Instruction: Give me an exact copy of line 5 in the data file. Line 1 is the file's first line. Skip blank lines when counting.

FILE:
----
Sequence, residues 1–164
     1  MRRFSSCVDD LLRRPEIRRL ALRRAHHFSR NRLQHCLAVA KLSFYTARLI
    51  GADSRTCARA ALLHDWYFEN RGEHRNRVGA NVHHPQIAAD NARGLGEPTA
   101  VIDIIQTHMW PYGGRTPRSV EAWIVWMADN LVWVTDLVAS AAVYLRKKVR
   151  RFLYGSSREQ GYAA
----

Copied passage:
   151  RFLYGSSREQ GYAA